Billionaire Elon Musk, who recently took over as the chief executive at Twitter after buying the company, has said he does not want to be the chief executive of any firm.
Musk took to the witness box in a Delaware court to defend himself in a shareholder lawsuit challenging a compensation package he was awarded by Tesla’s board of directors that is potentially worth more than $55bn.
While giving evidence, Musk said “I expect to reduce my time at Twitter and find somebody else to run Twitter over time,” according to multiple media reports.
Overnight, Musk sent an email to the remaining staff at Twitter, saying that it is a software and servers company at its heart and he asked employees to decide by Thursday evening if they want to remain a part of the business.
Musk wrote that employees “will need to be extremely hardcore” to build “a breakthrough Twitter 2.0″ and that long hours at high intensity will be needed for success.
Musk, who also heads Tesla and SpaceX, said Twitter will be much more engineering-driven, with employees who write “great code” comprising the majority of the team.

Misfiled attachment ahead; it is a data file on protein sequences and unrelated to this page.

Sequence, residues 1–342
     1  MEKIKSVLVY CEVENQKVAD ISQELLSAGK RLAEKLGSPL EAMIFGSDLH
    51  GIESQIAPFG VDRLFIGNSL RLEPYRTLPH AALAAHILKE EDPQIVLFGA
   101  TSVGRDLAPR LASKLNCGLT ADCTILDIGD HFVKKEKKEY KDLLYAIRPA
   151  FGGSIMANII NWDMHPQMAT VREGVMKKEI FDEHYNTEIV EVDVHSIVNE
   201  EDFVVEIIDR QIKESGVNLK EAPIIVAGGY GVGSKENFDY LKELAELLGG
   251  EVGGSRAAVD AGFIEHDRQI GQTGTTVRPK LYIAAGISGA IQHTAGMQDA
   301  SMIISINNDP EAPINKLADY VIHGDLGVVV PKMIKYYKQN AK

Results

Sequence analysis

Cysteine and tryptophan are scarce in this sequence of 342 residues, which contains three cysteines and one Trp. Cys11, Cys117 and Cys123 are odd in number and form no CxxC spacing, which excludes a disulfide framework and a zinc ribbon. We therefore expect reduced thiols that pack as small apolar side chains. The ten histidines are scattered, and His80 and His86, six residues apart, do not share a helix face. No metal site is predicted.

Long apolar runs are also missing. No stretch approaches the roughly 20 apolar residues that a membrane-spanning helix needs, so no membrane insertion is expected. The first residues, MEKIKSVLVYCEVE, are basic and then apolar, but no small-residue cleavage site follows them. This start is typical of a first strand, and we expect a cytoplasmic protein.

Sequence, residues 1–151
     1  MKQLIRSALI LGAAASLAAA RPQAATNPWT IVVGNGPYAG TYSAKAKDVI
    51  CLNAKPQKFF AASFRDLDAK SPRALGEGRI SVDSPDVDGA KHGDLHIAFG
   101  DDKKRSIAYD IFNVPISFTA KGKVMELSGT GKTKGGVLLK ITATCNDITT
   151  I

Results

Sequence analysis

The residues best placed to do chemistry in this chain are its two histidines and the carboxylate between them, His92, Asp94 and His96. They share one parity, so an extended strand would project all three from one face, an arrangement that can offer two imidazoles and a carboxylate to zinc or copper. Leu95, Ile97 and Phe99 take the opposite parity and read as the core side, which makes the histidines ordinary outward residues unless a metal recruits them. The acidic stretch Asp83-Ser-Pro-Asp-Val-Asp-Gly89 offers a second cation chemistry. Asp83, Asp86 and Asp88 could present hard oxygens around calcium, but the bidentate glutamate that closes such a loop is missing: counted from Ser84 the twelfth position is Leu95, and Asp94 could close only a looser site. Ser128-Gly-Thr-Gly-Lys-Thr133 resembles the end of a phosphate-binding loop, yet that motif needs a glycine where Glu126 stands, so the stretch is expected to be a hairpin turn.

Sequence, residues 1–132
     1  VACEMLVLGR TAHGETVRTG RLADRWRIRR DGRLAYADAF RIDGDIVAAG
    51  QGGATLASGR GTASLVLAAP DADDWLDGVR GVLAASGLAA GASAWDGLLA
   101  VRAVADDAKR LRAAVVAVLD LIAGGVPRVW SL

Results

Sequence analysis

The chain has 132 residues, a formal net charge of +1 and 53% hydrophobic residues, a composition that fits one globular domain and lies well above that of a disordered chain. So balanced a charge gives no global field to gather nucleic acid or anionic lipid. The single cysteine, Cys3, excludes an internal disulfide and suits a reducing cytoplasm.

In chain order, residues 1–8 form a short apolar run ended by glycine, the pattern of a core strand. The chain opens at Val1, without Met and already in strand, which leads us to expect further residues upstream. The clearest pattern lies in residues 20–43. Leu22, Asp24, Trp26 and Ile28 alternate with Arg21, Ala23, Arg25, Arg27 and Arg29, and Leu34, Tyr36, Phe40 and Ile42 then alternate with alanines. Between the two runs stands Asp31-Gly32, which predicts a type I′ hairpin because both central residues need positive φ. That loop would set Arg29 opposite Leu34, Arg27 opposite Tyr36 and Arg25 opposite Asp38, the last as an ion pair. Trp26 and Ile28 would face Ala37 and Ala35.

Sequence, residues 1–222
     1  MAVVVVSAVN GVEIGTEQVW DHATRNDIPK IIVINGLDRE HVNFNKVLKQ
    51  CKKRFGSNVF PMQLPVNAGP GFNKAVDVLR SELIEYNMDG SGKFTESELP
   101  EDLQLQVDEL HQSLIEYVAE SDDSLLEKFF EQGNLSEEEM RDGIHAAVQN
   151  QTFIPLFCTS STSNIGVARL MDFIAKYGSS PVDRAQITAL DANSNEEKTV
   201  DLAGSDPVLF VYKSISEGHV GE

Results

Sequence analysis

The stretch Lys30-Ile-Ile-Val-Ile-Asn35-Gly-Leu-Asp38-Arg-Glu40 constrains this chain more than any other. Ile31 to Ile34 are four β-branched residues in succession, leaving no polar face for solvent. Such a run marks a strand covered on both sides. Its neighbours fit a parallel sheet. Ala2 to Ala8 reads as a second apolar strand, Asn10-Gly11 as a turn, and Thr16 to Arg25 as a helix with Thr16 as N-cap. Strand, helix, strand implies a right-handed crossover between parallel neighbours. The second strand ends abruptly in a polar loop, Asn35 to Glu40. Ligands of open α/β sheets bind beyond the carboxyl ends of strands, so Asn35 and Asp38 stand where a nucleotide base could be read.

The billionaire, who completed the $44bn takeover of the San Francisco company in late October, sacked much of its full-time workforce by email early this month and is expected to eliminate an untold number of contract jobs for those responsible for fighting misinformation and other harmful content.
A number of engineers also said on Twitter they were sacked this week after saying something critical of Musk, either publicly on Twitter or on an internal messaging board for Twitter employees.
Musk has vowed to ease restrictions on what users can say on the platform.
While he has been criticised from almost all sides for potentially opening the gates at Twitter to hate and other harmful speech, he has tried to reassure advertisers, which drive most of the social platform’s revenue, that any rule changes will not damage their brands by associating them with harmful content.
Musk has also indicated that he plans to resume Twitter’s premium service – which grants blue-check “verification” labels to anyone willing to pay eight dollars (£6.70) a month – on November 29.
The billionaire said in a tweet that the relaunch would take place later this month in an effort to make sure the service is “rock solid”.
Musk asked workers to click yes on a link provided in the email if they want to be part of the “new Twitter”.
He said that employees had until 5pm Eastern Time on Thursday to reply to the link.
Employees who do not reply by that time will receive three months of severance, according to the email.
“Whatever decision you make, thank you for your efforts to make Twitter successful,” Musk wrote.